Newborns, nappies, night feeds. A hazy, sleep deprived rollercoaster. This blog post has sat in my drafts for weeks, months . With good intentions and words added during blurry 3am feeds. But this February, welcoming our little Lilah into the world, my life changed completely in that moment. No time for a self-absorbed blog. No time to even brush my hair without newborn baby stuff consuming every moment. I’ve become that person who takes minimum 3 working days to reply to your text. Somehow I’ve blinked and seven months have passed. Surely now is the chance to take a breath and write it all down?
Regardless of how many books or podcasts you consume during pregnancy, nothing can prepare you for becoming a parent. There was overwhelming responsibility from the very first moment of being handed Lilah, so tiny and new. And yet, the moment she opened her eyes and looked at me, it was as if she said “Oh it’s YOU. Hi, Mum”. It was perfect. With all the poo explosions, leaky boobs, and hysterical crying that followed in those first weeks, that warm buzz of being Lilah’s Mum carried me through. Here’s how else we survived…
Find your people
They say it takes a village to raise a child, and that couldn’t be more true. Turns out, newborn babies are hard work. Whether it was handing over Lilah to a loving family member to bounce around the room so I could get an hour’s sleep, or bonding with other Mums over poo-sprayed walls, every interaction is so vital. It reassures you that you’re not mad, you’re doing a great job. That everyone is muddling through and making it up as they go along. The laughter (so needed) and advice (not always wanted) from strangers, friends and family was a huge support in the newborn phase. Having my family down the road was an immense help that I beyond grateful for. Some friends inevitably drifted, in a different place in their lives. Other friends were more supportive than I could have imagined. Early parenthood can be unrelenting and I really needed to build a newborn support system around us, until it all started to make a bit more sense.
Find your routine
So many nights, when feeding and rocking blurred into one, were saved by Wordle and Desperate Housewives. One eye closed, trying to think of literally any five letter word let alone to work out the daily puzzle, helped me keep my sanity and crucially stay awake during night feeds. As a new Mum, I found very quickly I needed some semblance of a routine. Even if it only lasted a few days before the next phase shifted us back to step one…
Those early nights before Lilah knew day from night, when she was sleeping in our arms or cluster feeding all evening, I delved into the scandal of Wisteria Lane. When Lilah used to scream her head off every single nappy change, we made up a silly song even though she just screamed louder. For a while, Aerosmith and Oasis were our go-to songs to serenade her to sleep. When the witching hour struck and nothing worked, I marched her round the block listening to the hilarious Parenting Hell podcast. With everything so scary and new, any routine is a lifesaver.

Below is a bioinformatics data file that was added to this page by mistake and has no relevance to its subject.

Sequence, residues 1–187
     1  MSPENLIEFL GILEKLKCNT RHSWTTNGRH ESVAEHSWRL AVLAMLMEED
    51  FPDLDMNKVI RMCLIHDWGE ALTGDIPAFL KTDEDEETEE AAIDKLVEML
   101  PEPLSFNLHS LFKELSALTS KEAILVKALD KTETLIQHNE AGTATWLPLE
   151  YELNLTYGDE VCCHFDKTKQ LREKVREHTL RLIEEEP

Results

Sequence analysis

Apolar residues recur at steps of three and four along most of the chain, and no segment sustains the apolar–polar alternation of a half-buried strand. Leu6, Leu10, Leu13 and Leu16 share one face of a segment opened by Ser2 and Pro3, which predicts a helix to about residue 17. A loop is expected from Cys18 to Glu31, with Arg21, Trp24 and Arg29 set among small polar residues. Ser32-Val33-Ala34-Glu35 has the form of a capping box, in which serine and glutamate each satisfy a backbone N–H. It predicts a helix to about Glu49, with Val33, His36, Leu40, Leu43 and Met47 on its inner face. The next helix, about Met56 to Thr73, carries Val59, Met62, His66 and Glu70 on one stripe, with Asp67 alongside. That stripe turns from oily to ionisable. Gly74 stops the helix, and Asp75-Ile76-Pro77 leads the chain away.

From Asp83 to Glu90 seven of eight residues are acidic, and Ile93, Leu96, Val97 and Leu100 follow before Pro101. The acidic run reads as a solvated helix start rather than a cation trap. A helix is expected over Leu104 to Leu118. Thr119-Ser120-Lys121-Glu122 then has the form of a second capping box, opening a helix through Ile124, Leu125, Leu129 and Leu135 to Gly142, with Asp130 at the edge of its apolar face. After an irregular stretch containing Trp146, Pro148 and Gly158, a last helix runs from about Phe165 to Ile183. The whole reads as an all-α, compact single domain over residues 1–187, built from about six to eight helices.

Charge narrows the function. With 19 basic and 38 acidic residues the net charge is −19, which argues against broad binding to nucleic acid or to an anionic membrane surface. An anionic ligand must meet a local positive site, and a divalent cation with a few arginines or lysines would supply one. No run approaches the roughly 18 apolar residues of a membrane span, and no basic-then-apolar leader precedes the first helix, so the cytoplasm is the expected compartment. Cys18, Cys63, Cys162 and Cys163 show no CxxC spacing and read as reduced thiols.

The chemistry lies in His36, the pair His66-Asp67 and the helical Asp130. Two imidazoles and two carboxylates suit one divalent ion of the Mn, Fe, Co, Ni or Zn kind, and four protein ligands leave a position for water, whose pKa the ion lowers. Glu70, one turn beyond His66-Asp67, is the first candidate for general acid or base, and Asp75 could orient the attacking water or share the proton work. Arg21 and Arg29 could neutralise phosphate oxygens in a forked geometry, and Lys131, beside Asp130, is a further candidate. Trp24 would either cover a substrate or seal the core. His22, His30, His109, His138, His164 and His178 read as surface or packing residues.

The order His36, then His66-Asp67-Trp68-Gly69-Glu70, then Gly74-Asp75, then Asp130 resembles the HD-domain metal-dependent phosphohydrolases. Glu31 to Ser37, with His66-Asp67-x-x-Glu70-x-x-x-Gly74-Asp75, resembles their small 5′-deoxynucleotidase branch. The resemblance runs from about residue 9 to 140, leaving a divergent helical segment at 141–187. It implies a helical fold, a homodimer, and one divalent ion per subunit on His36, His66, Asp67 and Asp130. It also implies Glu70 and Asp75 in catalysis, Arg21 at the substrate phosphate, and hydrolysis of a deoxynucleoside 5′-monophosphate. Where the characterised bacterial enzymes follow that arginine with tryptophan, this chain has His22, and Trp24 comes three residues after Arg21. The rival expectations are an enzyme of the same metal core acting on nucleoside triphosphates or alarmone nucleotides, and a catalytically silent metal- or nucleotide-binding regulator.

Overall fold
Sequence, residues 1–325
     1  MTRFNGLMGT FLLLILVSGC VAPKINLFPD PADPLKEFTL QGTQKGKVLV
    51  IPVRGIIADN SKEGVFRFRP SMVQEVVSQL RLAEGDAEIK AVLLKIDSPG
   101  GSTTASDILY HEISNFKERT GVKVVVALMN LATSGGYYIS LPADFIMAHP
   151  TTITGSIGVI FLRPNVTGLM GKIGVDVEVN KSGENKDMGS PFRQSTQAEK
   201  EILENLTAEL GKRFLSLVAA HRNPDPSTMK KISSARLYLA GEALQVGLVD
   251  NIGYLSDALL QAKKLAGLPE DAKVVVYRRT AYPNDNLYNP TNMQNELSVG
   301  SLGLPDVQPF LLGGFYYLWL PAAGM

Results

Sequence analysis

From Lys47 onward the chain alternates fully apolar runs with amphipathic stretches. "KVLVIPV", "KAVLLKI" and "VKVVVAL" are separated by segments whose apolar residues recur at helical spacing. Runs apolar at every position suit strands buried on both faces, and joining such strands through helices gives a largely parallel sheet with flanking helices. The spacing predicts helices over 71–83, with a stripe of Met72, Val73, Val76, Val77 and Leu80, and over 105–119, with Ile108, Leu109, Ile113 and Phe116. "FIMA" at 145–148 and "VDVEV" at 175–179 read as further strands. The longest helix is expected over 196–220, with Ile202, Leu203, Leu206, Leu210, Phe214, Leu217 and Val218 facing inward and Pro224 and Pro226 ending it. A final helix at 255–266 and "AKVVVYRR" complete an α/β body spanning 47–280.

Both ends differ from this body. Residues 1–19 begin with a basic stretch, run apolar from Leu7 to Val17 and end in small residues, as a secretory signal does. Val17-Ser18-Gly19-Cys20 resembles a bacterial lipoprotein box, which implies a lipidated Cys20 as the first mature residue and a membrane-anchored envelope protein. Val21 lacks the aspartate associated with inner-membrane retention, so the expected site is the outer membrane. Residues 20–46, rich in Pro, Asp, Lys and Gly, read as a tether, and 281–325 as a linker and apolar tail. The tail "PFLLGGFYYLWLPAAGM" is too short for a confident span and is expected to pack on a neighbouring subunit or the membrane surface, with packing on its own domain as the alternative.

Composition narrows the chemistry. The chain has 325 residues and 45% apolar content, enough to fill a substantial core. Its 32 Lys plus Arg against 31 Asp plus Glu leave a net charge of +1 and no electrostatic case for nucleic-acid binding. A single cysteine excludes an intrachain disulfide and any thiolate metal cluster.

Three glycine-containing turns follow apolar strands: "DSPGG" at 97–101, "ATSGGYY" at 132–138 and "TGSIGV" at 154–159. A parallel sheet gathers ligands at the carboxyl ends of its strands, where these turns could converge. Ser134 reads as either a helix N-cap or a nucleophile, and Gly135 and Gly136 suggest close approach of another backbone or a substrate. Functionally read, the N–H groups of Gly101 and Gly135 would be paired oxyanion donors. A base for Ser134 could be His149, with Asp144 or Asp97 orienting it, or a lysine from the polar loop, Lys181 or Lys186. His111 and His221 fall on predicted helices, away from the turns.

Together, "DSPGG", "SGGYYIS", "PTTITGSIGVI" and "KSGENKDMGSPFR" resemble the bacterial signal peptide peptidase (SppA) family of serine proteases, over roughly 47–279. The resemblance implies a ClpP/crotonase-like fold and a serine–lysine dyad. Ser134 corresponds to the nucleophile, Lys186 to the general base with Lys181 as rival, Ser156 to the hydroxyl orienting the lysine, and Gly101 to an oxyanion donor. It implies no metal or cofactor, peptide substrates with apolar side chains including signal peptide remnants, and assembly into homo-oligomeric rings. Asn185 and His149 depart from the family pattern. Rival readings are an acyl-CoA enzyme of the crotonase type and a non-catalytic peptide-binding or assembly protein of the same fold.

Find your mantra
Some very wise words I’ve repeated to myself often for the last few months: There’s no such thing as a perfect parent, so just be a real one. You and baby are both learning so be kind to yourself. Everything is a phase. Blame it on a growth spurt. And, courtesy of my own wise Mum, babies don’t make good decisions. Just because your newborn screams murder at the simplest task doesn’t mean you’re doing the wrong thing. Madness isn’t far away when you are doing feed, change, sleep on repeat at all hours of the day and night. Find a mantra to keep your cool in those bleak moments.
& Hold your nerve
Something magical happens when you walk around with a baby, especially a newborn: people lose all manners and cross boundaries and suddenly you’ve got a stranger in Waitrose asking about your birth story. Whether people have kids or not suddenly everyone has an opinion on how you’re doing this. The wave of conflicting parenting opinions started during pregnancy, and not long after birth preachy parenting pages dominated my social media feeds. After sleepless nights, there was absolutely no comfort to be found in countless Instagram pages telling me I would be the worst parent ever without not doing X, Y, Z. You need to hold your nerve and tell yourself you’ve got this, and trust your instincts.
There’s a quote I read long before having Lilah, that becoming a parent means having your heart walk around outside your body. Now I’ve blinked and somehow I’m now seven months into protecting this piece of my heart, trying to make the right decisions and raise a happy, decent human. It has been a whirlwind, but it’s not one that I ever want to stop. The newborn stage is a lot of poo, no sleep and pure magic.